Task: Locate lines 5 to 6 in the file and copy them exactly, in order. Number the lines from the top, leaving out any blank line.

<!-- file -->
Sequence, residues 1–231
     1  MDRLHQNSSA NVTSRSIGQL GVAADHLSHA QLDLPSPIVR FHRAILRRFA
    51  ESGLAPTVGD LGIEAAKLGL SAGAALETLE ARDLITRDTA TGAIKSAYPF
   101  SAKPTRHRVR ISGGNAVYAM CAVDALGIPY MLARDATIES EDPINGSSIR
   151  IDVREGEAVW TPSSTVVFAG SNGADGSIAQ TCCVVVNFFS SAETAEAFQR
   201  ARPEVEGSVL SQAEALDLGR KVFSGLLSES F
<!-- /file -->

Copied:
   151  IDVREGEAVW TPSSTVVFAG SNGADGSIAQ TCCVVVNFFS SAETAEAFQR
   201  ARPEVEGSVL SQAEALDLGR KVFSGLLSES F